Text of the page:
Electronic Thesis and Dissertation Repository

Degree

Doctor of Philosophy

Program

Education

Supervisor(s)

Derek J. Allison

Abstract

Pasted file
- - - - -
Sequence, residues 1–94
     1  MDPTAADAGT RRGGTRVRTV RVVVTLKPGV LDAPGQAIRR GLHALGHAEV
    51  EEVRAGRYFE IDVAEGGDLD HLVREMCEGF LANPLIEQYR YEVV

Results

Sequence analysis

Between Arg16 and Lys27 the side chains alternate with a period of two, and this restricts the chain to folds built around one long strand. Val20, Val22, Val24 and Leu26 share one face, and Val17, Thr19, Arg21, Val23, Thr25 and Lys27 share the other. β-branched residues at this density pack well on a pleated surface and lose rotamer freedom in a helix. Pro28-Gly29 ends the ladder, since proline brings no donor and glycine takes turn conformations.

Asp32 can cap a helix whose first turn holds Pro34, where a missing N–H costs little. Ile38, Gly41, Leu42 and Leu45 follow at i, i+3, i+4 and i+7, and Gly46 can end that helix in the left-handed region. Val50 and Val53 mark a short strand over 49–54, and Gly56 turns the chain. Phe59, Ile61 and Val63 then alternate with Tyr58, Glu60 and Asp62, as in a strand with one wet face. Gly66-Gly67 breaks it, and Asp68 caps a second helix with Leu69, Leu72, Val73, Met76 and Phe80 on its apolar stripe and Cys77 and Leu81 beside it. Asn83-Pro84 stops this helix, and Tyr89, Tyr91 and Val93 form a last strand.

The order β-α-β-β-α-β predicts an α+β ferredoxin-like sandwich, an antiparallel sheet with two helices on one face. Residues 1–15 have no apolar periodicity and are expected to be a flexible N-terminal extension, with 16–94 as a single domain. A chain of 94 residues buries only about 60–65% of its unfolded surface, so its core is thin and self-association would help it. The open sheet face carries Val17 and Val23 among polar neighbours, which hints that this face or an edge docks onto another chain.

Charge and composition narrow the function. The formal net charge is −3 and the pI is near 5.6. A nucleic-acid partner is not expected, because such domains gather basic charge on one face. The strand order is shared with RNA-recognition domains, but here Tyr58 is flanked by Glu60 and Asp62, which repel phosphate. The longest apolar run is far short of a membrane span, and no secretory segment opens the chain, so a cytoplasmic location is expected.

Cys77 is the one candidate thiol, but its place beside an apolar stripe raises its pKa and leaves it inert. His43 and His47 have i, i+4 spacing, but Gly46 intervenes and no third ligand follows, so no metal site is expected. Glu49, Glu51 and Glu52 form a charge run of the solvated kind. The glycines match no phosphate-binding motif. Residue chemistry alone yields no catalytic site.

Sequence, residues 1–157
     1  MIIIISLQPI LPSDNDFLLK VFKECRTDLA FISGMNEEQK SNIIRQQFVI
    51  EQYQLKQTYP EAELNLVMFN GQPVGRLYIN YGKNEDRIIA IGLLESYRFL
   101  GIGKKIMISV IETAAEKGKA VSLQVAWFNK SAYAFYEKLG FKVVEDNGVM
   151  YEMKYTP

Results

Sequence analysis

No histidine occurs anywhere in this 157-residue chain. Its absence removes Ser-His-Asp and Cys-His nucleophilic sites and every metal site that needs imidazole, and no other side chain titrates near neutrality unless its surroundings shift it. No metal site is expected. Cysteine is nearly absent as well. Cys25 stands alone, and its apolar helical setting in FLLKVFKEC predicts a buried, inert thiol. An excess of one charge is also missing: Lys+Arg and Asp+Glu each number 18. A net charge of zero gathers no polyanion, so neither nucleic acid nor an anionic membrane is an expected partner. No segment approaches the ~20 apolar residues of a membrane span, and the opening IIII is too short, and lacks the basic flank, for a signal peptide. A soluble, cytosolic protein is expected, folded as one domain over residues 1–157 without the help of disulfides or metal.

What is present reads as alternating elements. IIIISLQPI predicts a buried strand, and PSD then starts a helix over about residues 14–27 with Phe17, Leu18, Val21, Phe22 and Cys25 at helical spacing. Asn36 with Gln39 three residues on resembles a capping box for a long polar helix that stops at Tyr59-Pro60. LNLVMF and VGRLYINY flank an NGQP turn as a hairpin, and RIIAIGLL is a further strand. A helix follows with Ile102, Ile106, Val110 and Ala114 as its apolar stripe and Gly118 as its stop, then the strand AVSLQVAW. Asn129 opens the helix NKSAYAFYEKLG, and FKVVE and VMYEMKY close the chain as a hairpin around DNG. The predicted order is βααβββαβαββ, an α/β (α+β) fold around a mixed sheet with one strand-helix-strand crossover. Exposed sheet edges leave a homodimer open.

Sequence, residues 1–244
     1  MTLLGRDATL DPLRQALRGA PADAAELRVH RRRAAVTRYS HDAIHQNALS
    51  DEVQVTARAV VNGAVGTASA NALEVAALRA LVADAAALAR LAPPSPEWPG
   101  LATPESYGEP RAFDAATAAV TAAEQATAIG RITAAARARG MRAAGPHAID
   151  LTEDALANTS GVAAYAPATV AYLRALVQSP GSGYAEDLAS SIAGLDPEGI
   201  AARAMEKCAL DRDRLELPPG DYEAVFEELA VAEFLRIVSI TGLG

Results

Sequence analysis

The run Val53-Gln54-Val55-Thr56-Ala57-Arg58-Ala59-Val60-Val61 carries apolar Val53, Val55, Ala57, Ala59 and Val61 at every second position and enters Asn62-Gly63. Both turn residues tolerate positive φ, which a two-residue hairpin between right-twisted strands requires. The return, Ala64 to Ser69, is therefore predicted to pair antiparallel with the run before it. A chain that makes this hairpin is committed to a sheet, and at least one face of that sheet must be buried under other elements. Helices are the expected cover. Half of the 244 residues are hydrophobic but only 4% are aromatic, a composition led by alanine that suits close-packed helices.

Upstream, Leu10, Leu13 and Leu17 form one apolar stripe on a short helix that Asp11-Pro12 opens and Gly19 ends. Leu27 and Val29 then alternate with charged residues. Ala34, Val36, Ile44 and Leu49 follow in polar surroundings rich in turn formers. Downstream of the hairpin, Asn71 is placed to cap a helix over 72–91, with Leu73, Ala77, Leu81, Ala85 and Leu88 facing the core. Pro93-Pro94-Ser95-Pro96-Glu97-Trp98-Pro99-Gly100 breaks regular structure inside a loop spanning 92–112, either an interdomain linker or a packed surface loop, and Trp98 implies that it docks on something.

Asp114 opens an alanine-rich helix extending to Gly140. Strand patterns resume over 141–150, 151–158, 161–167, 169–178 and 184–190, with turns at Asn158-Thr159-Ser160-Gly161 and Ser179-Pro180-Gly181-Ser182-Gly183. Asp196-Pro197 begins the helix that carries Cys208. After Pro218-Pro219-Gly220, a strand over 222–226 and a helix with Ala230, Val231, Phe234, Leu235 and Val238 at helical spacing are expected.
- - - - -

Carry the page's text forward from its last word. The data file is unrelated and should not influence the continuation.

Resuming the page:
Philosophy of education’s academic literature portrays the field as being in decline over the past half century, especially in the once preeminent citadel of initial teacher preparation programs. This decline prompts the broad problem of the proper place of philosophy in teacher preparation. I therefore set out to explain why (in part) this decline has occurred in the English language field by connecting, from the 19th century to the present, primarily in the United States and Britain, but also Canada, two histories: (1) the origins and development of the field of philosophy of education itself, and (2) the institutional history of teacher preparation programs, tracing each from their origins in normal schools and summer seminars, to modern faculties of education. The comparative historical analysis is supplemented by a case study of a particular faculty of education, the J. G. Althouse Faculty of Education, London, Ontario, Canada, using data obtained from interviews with retired faculty members, especially philosophers of education, and examinations of founding documents and course calendars. The theoretical framework selected to analyze the case study and histories was institutional organizational theory, which pays attention to how institutions develop and change in response to environmental conditions. This theory uses a tripartite model of institutions, identifying a “technical core,” where its products are made, administered by a “managerial level,” which coordinates action and diplomatically softens demands made by the wider environment, the “institutional level.” A case is made that philosophy of education, once securely established in the technical core of teacher preparation, has declined as teacher education programs became more institutionalized within the contexts of the rise of the scientific research university and an increasingly bureaucratic public education system, both, in part, favoring graduate programs as the new dominant technical core of teacher education institutions. The consequences of this decline are discussed, identifying implications and a solution for teacher education, its institutions, and teacher professionalism. I conclude that the loss of philosophy in teacher education institutions is one indicator of a trend toward an increasingly institutionalized, illiberal and technical teacher training.


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